Ripe the latter part of July.

This is said to have received its name from its ripening about the time of the Fête de Sainte Magdalene (22d July). I have not quoted the figure of the Madeline, or Citron des Carmes, of Duhamel, because it does not appear to be what the French now consider the Madeleine.

26. MANSUETTE. Duhamel, No. 92. t. 58. f. 1.
Solitaire. 16.

Mansuette Solitaire. Jard. Fruit. t. 43.

Fruit pretty large, of a somewhat turbinate figure, compressed below the middle, and a little incurved towards the stalk; about three inches and three quarters long, and two inches and three quarters in diameter. Eye rather small, with an erect calyx, placed in a deep, plaited, angular basin.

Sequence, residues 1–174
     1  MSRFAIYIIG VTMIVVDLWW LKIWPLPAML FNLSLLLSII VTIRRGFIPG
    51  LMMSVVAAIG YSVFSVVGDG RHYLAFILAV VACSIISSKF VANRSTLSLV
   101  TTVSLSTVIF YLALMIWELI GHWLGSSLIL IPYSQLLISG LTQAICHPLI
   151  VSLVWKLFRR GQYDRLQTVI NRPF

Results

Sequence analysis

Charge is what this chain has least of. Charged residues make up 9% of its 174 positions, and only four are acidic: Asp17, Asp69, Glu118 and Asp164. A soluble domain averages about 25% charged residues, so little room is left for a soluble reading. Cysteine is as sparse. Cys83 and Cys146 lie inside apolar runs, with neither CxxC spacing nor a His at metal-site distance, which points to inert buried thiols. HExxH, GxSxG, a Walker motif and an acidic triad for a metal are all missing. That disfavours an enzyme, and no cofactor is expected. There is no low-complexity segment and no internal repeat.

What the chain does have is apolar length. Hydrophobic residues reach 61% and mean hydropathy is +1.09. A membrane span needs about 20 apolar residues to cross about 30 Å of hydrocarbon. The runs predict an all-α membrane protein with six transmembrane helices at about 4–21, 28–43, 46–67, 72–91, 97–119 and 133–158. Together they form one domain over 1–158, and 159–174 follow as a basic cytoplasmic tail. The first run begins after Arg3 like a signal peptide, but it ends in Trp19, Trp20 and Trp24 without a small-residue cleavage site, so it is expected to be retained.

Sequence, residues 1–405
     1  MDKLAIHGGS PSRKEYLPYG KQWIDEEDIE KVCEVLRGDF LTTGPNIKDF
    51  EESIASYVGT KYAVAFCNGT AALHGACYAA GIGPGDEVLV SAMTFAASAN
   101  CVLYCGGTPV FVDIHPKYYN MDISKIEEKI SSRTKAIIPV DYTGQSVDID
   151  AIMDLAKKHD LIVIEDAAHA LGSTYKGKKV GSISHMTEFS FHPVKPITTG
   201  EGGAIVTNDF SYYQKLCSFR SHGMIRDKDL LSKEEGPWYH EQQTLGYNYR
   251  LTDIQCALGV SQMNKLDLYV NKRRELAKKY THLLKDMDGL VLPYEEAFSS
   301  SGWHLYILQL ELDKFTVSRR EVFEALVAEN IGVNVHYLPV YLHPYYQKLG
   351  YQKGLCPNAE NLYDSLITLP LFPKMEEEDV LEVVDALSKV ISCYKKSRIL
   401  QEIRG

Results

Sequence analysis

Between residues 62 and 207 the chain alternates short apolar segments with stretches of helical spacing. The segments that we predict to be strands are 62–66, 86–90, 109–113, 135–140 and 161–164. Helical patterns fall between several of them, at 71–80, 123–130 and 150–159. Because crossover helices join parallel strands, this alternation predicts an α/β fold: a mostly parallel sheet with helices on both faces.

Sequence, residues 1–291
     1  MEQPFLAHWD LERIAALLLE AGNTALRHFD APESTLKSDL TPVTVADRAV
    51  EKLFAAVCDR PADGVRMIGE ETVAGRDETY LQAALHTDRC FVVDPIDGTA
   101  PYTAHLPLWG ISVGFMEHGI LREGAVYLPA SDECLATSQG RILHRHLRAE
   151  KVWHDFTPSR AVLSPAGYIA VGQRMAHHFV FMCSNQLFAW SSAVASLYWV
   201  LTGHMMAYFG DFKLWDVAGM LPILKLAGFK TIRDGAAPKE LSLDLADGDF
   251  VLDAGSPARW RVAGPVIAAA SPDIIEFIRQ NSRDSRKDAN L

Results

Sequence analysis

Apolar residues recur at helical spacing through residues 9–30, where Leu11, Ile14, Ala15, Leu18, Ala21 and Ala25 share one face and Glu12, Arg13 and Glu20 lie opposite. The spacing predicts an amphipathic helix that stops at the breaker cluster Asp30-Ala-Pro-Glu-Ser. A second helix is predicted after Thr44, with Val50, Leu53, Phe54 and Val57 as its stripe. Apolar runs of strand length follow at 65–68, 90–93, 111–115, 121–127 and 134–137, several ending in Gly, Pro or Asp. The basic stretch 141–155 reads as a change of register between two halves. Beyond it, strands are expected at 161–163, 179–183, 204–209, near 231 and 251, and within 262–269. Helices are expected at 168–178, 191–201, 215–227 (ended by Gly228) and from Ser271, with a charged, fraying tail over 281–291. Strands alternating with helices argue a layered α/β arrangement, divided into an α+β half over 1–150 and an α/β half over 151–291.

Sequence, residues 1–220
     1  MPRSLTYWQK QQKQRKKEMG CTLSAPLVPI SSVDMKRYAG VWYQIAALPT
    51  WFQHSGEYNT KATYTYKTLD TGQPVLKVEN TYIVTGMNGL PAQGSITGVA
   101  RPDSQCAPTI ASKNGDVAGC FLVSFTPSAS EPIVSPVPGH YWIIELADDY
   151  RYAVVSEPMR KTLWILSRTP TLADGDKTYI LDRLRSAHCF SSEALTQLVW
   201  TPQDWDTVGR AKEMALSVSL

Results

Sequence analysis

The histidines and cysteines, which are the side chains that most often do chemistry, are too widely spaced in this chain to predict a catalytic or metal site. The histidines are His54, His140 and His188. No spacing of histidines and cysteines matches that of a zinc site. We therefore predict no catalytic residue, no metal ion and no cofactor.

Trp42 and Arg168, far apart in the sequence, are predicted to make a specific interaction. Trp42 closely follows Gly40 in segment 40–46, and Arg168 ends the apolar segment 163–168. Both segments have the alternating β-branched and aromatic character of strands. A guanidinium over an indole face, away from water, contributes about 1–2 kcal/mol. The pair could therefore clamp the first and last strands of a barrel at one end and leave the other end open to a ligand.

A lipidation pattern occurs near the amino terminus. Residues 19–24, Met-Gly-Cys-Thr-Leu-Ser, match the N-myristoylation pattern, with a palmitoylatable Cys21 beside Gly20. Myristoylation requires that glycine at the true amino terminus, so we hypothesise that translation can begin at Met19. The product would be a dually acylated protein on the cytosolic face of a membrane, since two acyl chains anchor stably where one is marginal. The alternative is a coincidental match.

Stalk an inch long, bent, very obliquely inserted in an irregular cavity. Skin green, spotted with brown ; but as it ripens it becomes yellow and tinged with red. Flesh white, half melting, and full of a well flavoured juice.

Ripe the beginning and middle of September.
This is better grafted on the Quince than on the Pear.
27. Musk SUMMER BONCHRÉTIEN. 'Nursery Cat.
Bonchrétien d'E'té Musquée. Duhamel, No.91. t. 48.

Fruit above the middle size, somewhat pyramidal, compressed between the middle and the stalk, about three inches long, and two inches and a half in diameter. Eye rather large and open, with a crisp calyx, placed in a wide, irregular, angular basin. Stalk one inch and a half long, enlarged next the branch, and somewhat obliquely inserted with but little cavity. Skin greenish yellow, with a little grey russet ; but on the sunny side of a brownish red, full of rough russetty specks. Flesh white and crisp, with an abundant, sugary, high-flavoured musky juice.